Results of a recent analysis of children from West Virginia are suggesting low birth weight could serve as a predictor of cardiovascular risk
later in life.
While previous research had linked low birth weight to poor health outcomes, the analysis of more than 19,500 children found statistically significant associations between birth weight and blood pressure as well as cholesterol and triglycerides at age 11—highlighting the need for early interventions and education.
In an effort to establish evidence of the link between birthweight and childhood cardiovascular disease risk factors, a team of investigators from the University of West Virginia—led by Amna Umer, PhD, MPH—sought to establish whether an association between birthweight and cardiovascular risk later in life and to assess the severity of such an association. Using data from West Virginia birth certificates, the West Virginia WATCH/Birth Score program, and the CARDIAC project, investigators obtained information on more than 20,000 children born between 1994 and 2010 across all 55 counties in the state.
A total of 22,136 children were identified and 19,583 were included in the current analysis—2553 were excluded as they did not qualify as a full-term birth. To evaluate potential associations, investigators analyzed health of study participants at 11 years of age.
Outcome measures of the study included systolic blood pressure, diastolic blood pressure, total cholesterol, low-density lipoprotein(LDL) cholesterol, high-density lipoprotein(HDL), non-HDL, and triglycerides. Investigators also included information on the participants’ BMI, socio-demographics, family medical histories, and other factors in multi regression analyses.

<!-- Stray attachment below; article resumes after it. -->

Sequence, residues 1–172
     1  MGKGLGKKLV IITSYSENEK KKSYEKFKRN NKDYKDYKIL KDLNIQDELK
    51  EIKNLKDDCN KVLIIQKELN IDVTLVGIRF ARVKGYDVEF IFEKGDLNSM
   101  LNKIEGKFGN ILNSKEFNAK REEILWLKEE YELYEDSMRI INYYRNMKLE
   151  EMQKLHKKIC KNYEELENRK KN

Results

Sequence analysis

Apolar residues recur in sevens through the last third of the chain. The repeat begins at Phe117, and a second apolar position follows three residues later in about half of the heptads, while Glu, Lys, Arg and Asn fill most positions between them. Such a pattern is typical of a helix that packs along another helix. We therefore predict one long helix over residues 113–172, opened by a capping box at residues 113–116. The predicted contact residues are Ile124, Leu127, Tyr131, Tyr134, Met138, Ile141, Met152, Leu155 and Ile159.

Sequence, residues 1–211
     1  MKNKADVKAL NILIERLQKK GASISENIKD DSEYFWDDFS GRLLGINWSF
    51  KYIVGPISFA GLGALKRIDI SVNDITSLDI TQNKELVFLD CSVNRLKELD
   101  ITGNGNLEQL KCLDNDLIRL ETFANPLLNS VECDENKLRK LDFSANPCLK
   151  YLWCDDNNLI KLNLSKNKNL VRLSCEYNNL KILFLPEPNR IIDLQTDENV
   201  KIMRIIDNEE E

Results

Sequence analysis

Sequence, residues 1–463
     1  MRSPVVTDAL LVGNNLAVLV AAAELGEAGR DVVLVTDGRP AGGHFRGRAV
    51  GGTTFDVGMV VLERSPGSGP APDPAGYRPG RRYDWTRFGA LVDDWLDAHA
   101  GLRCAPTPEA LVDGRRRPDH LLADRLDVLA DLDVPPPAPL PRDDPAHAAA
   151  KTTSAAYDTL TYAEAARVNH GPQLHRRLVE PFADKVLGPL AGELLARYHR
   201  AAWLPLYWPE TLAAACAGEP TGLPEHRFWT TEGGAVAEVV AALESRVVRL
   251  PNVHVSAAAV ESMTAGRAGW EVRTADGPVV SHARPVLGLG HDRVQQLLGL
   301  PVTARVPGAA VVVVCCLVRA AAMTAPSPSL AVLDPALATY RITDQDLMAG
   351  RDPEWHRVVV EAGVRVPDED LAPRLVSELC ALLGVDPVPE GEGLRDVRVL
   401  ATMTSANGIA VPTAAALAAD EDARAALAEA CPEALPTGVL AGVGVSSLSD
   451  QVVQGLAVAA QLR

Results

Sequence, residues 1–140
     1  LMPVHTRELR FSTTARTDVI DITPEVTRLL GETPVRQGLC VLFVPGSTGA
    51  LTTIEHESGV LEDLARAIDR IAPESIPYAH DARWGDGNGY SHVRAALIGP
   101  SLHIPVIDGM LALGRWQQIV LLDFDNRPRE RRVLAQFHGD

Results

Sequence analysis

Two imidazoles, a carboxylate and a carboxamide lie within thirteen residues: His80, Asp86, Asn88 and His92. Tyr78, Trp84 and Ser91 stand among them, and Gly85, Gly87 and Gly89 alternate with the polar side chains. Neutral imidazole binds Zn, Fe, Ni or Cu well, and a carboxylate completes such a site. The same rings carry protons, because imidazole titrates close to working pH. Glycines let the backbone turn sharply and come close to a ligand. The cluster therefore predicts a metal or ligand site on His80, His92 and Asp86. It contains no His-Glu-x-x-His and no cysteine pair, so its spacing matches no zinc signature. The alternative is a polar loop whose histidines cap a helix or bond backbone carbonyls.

Unadjusted analyses revealed a statistically significant association between birth weight and systolic blood pressure, diastolic blood pressure, HDL, and triglycerides. Upon adjustment for a child’s BMI, investigators found associations between birthweight and HDL(B
=0.14(95% CI: 0.11, 0.18) mg/dl per 1000 g increase) and between birthweight and triglycerides (B
=0.007(–0.008, –0.005) mg/dl per 1000 g increase) remained statistically significant.
Results of the fully adjusted model found low birth weight was associated with higher LDL, non-HDL, and trigylercides, as well as lower HDL levels. Investigators pointed out the child’s BMI at 11 years of age partially (HDL, non-HDL, and triglycerides) and fully mediated (systolic and diastolic blood pressure).
Based on results of the study, investigators suggest present risk factors at age 11 may persistent and amplify with age, leaving children with an increased risk of experiencing unfavorable consequences later on in life. Additionally, they point to results as an example of the importance of early interventions.
"We don't want to say that once you have a low birth weight, there's nothing you can do," Umer said. "Now that you know there's a low-birth-weight baby, you can make sure they have proper postnatal feeding, monitor their growth and teach kids about good diet, nutrition, physical activity and prevention of risky health behaviors such as smoking. You can intervene from childhood into adulthood."
This study, “Association between birth weight and childhood cardiovascular disease risk factors in West Virginia,
” is published online in Journal of Developmental Origins of Health and Disease.